Shrouded in mystery: the Nigerian budget and the challenge of implementationPosted: 18 October, 2021 Filed under: Abasiodiong Ubong Udoakpan | Tags: Budget Implementation, challenges of poverty, civil society participation, critical infrastructure, democratisation, economic growth, economic policy, economic prosperity, employment opportunities, entrepreneurship development, legislation, Ministry of Industry, Nigeria Bureau of Statistics, Nigerian budget, Nigerian economy, Trade and Investment 2 Comments
Author: Abasiodiong Ubong Udoakpan
LLM Candidate, Olabisi Onabanjo University, Nigeria
The Budget as one important economic policy instrument at the disposal of the Government is key to the attainment of the economic prosperity of the people. However, the gap between its initiation and full implementation to attain economic prosperity has been of serious concern to researchers and Nigerians alike. It is one thing to propose a budget and another to implement the proposed budget to the extent that it attains the goals of economic growth and development. In recent times, the focus on the budget has assumed greater prominence because of increasing democratisation, civil society participation and the desire to respond to developmental challenges of poverty.
The role of international financial institutions in protecting the vulnerable during pandemics: Focus on World Bank in developing economiesPosted: 18 June, 2020 Filed under: Francis Kofi Korankye-Sakyi | Tags: access to justice, access to public services for the poor, COVID-19 pandemic, drafting of new legislation, economic growth, finance, healthy business environment, infrastructure, International Financial Institutions (IFIs), Legal empowerment, rule of law, sustainable development, Sustainable Development Goal 16, the rule of law, transparency, vulnerable persons, World Bank 2 Comments
Author: Francis Kofi Korankye-Sakyi
Development and International Trade Finance Expert
The importance of law in development discourse as captured under Sustainable Development Goal 16 is a critical factor in establishing and maintaining the rule of law by empowering the most vulnerable persons and groups in society to exercise their fundamental human rights against unfettered legal regimes and political leadership, especially in times of global crises.
The nexus between access to justice and the fostering of a healthy business environment, economic growth, access to public services for the poor, including the curbing of corruption and curtailing the abuse of power is well noted and must reflect on discussions in this period of the COVID-19 pandemic. In the era of crises, institutions emerge as products of deep thinking and serve the long-term interest of international peace and development. For instance, the Bretton Woods institutions comprising the International Monetary Fund (IMF) and the International Bank for Reconstruction and Development (IBRD) were creations after World War II in 1944. In this light, the invitation to these international bodies to rescue developing economies in this unhealthy time of COVID-19 is, therefore, a legitimate expectation. From 1959 to 1991, multinational development banks which constitute part of the International Financial Institutions (IFIs) emerged as a result of the difficulties of the development paradigms of the times and have continued to execute programmes and projects within such expectations. This article takes a look at the role of the World Bank in building the judicial capacities of developing economies during this pandemic and advocates for support for a stronger monitoring and regulatory mechanisms in the application of the funds provided by these institutions to ameliorate the sufferings of the masses for whom these funds are intended to benefit.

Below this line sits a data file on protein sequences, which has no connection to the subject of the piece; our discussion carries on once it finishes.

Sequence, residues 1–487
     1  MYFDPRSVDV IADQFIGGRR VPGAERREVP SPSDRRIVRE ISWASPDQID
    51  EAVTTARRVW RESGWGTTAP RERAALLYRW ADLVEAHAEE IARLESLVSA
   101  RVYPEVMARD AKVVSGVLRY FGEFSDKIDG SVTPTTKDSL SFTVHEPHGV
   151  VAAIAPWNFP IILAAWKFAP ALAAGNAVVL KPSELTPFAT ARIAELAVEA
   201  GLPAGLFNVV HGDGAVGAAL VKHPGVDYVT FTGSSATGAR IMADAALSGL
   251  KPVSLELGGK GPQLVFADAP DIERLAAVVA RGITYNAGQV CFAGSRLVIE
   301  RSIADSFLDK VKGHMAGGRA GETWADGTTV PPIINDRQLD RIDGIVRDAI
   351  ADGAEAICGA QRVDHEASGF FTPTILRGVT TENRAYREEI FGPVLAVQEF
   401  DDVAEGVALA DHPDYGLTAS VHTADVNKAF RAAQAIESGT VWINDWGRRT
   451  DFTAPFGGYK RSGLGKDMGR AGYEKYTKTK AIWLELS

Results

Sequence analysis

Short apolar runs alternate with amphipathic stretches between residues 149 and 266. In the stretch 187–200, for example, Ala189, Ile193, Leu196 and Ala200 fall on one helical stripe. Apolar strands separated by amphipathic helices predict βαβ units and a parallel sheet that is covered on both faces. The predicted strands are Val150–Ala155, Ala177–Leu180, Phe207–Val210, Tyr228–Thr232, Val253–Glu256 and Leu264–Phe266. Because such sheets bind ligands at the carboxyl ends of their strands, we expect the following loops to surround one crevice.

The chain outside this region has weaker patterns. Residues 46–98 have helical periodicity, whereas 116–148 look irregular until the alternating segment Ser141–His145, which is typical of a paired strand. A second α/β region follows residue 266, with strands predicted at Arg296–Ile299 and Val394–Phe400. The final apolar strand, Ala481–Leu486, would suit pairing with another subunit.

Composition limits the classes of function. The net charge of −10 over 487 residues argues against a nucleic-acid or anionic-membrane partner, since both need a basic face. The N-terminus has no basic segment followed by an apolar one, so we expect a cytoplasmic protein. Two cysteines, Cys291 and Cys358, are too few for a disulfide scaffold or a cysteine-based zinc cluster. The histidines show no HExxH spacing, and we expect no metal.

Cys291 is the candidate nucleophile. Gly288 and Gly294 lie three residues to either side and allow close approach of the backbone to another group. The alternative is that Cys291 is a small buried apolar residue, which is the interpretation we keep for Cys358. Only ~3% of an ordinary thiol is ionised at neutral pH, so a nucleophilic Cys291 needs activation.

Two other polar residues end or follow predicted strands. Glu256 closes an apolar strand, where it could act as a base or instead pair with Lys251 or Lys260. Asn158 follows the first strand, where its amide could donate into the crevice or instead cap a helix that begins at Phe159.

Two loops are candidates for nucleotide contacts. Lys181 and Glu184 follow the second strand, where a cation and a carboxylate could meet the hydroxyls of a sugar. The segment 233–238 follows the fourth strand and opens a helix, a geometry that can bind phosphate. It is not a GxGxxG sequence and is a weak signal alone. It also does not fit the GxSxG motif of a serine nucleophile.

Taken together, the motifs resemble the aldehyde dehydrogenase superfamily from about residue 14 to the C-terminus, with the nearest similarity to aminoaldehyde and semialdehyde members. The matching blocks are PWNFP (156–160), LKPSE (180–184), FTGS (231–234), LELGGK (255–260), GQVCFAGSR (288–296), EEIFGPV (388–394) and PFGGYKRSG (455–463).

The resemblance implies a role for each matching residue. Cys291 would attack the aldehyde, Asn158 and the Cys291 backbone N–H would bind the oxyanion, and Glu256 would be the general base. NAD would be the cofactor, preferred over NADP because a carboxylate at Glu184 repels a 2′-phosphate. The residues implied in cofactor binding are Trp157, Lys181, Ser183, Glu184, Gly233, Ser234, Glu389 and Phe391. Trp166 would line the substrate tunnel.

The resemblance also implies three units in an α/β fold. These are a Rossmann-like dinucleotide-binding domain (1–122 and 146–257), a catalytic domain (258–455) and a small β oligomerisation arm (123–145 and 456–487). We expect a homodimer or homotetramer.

The response of the Africa Union to critical human security threats in AfricaPosted: 7 August, 2015 Filed under: Michael Addaney | Tags: Africa, African Standby Force, African Union, al Shabaab, AU Constitutive Act, Boko Haram, conflicts, economic growth, genocide, human security, international terrorism, leadership, peace and security, Peace and Security Council, poverty, promotion of peace, PSC Protocol, stability, sustainable deve, United Nations Security Council, war Leave a comment
Author: Michael Addaney
Student (MPhil Human Rights and Democratisation in Africa), Centre for Human Rights, Faculty of Law, University of Pretoria
Africa, the second most populous continent with the fastest growing population on the globe faces complex and integrated human security threats. From a broader perspective, human security is far more than the absence of violent conflict. It encompasses respect for human rights, good governance, access to education and health care and ensuring that each individual has opportunities and choices to fulfill his or her potential. In Africa, addressing these issues requires alleviating poverty, promoting economic growth, freedom from fear and access to a healthy natural environment as well as and preventing conflict. Characteristically, Africa is associated with war, poverty, genocide, diseases and grievous abuses of human rights, prolonged armed conflicts and rising terrorist activities. Conventionally, the African Union has adopted several instruments to deal with these peace and security threats. This article focuses on increased armed conflicts and terrorist activities on the continent.